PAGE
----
Elizabeth Klein

My name is Elizabeth Klein. I’m 16 years old, and I’m the Copy Editor for the Herald. I hate roller coasters, I’m fairly sure I have thalassophobia, and up until a few days ago, I had no idea cashews grew on trees. For longer than I’d like to admit, I thought daylight savings time happened naturally. I have three bookshelves in my room, but I used all the space and had to buy three more to put downstairs. I have problems with buying too many clothes, binge-watching Netflix, and movies with sad endings. My favorite book is The Miraculous Journey of Edward Tulane, my favorite writer is F. Scott Fitzgerald, and my favorite quote is from Sigmund Freud, and says “Sometimes a cigar is just a cigar”

I live with my parents, my sister, and our dog, Semi. My mom manages a clothing store in the mall, and my dad is the business manager of the Durham Performing Arts Center. I’m the oldest child in my family, but my sister, Callie, was only born two months after my first birthday. We’ve been close our whole lives. Every Sunday, my mom and dad make a huge breakfast and play Bob Marley songs, then we all eat together before we get started on each of our hectic lives. We’re all close with each other, despite the fact that we’re completely different people. My mom is the brave one. She’s never afraid to stand up for what she believes in, and always says what’s on her mind. She knows an unhealthy amount of information about the history of the British monarchy, and in another life, she would’ve been an excellent history professor, but she’s always said that her job right now is to make sure that we get to go to college. She can also read a book per hour, and I got my love of literature from her. My dad is the thinker. He and I talk about everything; philosophy, life, school, and careers. My love of writing came from him; he texts me in full paragraphs and writes emails that are often better than my essays. Callie is…well, she’s my best friend. I’ve never known life without Callie, as I hope I never do. We talk about everything, do everything together, we succeed together and we fail together. When I’m with Callie, I laugh the hardest, cry the hardest, and fight the hardest. We get on each other’s nerves at times, but everybody deserves a friend like her in their life, even if she’s constantly telling everyone in Newspaper to “punch me in throat,” for reasons I don’t know.

My family is pretty big; I’ve had five grandmothers and three grandfathers through adoption and divorce. When I was very young, my mother wrote to the agency that helped her get adopted and asked if she could be put in touch with her biological parents. Fortunately, they were able to put her into contact with both her mother and her father, who lived in Pennsylvania and Ohio, respectively. My whole family became close with both of them, and although my biological grandfather died two years ago, we still see my biological grandmother every few months. She recently retired from her job to spend more time with her horse and even went skydiving a few months ago. My maternal grandmother and grandfather (who adopted my mom) were very involved with football; he coached seven pro football teams and went to the Super Bowl six times. When I was 11, he was inducted into the Dolphins Honor Roll for the 1972 his defensive coaching during the Miami Dolphins’ perfect season, and my cousins and I went with our families to accept the award on his behalf. He was diagnosed with Alzheimer’s when I was seven, so his ability to travel was limited. Although I have a great relationship with my grandmother, I never really got the chance to know him before he died two years ago, and I think about that a lot.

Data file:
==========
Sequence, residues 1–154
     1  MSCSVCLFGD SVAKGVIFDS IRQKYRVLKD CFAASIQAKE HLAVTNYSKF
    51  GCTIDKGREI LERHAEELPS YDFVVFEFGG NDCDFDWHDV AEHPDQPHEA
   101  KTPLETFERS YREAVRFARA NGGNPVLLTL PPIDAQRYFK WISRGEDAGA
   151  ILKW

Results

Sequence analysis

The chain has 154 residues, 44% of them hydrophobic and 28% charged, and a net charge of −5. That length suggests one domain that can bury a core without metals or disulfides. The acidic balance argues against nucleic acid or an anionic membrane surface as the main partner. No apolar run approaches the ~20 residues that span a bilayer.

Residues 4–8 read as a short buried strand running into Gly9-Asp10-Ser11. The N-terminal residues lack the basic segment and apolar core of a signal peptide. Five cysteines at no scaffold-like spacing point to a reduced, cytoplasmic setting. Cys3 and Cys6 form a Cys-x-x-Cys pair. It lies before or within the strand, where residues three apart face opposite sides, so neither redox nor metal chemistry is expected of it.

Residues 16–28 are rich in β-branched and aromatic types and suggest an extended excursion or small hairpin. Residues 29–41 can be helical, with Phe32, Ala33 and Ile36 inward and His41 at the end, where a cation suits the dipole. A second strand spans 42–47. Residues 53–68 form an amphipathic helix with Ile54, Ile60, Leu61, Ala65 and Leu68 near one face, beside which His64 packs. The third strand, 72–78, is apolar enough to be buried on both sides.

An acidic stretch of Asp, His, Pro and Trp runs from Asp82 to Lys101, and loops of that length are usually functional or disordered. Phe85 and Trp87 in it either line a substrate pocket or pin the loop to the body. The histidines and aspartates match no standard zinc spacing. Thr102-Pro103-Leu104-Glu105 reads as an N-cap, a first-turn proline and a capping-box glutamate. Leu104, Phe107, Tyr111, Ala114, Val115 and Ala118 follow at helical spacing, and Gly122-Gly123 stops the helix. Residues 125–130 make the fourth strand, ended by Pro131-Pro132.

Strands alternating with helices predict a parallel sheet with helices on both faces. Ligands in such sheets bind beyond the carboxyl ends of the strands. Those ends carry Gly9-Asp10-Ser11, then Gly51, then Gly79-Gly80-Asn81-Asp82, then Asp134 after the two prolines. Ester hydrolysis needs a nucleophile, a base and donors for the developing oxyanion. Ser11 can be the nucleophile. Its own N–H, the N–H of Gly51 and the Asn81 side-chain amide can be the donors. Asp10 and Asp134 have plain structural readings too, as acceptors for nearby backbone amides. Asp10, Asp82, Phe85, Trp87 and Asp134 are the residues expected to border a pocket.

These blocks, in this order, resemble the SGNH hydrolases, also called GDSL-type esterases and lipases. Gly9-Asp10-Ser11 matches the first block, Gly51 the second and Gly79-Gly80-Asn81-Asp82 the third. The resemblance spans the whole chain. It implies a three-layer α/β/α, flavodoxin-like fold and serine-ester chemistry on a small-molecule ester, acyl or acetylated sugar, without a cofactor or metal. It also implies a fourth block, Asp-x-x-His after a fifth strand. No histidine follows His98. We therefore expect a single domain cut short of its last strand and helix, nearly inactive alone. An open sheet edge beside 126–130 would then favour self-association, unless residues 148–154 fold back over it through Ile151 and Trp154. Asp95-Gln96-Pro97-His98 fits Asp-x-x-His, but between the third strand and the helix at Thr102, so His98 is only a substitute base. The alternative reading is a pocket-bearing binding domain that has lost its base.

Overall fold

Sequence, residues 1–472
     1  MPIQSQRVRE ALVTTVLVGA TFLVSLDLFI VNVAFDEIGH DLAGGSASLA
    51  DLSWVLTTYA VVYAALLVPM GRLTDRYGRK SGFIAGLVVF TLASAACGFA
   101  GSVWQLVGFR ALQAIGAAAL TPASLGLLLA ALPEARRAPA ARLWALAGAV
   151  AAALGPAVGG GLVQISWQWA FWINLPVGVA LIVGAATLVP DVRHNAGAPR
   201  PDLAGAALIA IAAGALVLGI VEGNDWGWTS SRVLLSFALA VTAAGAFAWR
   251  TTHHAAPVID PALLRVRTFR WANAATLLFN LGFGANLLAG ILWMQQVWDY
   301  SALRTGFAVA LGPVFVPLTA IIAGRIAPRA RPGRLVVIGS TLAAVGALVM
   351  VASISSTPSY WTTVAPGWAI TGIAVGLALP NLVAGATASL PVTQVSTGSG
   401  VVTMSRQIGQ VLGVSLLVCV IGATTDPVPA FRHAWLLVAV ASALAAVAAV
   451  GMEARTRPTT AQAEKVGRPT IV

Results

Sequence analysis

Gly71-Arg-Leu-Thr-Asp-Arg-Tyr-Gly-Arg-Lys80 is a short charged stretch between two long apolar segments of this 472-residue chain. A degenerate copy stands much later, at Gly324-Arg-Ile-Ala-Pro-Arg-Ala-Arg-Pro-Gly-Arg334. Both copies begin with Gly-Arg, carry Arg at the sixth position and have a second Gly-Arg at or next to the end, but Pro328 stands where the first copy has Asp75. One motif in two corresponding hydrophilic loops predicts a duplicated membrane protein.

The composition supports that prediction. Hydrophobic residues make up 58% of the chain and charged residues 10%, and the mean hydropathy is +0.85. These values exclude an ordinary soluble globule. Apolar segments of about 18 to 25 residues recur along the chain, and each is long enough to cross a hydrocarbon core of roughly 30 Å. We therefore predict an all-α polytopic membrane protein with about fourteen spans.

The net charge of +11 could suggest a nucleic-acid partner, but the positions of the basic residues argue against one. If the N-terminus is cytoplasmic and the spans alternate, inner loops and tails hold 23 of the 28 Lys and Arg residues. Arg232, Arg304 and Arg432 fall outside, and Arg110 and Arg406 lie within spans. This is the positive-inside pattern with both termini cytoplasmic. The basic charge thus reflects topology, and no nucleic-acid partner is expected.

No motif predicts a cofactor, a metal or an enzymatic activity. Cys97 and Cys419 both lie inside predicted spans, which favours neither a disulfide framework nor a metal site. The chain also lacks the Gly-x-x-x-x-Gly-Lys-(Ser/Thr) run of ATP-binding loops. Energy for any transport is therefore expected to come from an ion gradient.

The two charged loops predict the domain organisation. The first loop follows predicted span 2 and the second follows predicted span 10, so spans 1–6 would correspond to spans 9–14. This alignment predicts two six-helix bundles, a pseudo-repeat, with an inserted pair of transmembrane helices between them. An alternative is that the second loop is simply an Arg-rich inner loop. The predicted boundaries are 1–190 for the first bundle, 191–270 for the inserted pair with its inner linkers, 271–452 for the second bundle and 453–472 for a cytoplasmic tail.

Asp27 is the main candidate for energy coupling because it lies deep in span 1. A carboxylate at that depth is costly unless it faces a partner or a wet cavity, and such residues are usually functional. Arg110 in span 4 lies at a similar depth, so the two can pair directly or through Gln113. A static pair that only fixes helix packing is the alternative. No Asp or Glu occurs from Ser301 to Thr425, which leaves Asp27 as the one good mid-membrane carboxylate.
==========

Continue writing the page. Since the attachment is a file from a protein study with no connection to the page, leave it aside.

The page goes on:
Outside of school, I’ve pursued a lot of different activities. I took dance lessons for about a year, but as it turns out, I’m about as graceful at that as I am in any type of social situation (meaning I should never dance again). I played soccer for a little while, but I got really competitive and ended up kicking more people than the actual ball. I was a competitive figure skater for three-and-a-half years, which I loved to do. Sometimes I miss ice skating, especially because my coach let me pick my own music to skate to at competitions. As far as I know, I was the only skater in my club who did a routine to “Kashmir” by Led Zeppelin. But I stopped skating to make time for my other passion: music. Four years ago, Callie and I started a rock band called UrMom. She plays the drums and I’m the lead singer, keyboardist, and rhythm guitarist. I still remember our first gig at Cat’s Cradle; I sat down the entire time, we were out of tune, and I almost threw up before and after the show. We’ve gotten a lot better than that first performance, however, and have played around 50 gigs. We’ve been featured in Walter Magazine and Raleigh Magazine, and we plan on recording an album this year. Most of the stuff we do in the band is heavier rock, but Callie and I also enjoy performing acoustic sets and playing around with harmonies. While music is a huge part of my life, I plan on pursuing a career in writing. One of the main factors that helped me realize this was being in Newspaper.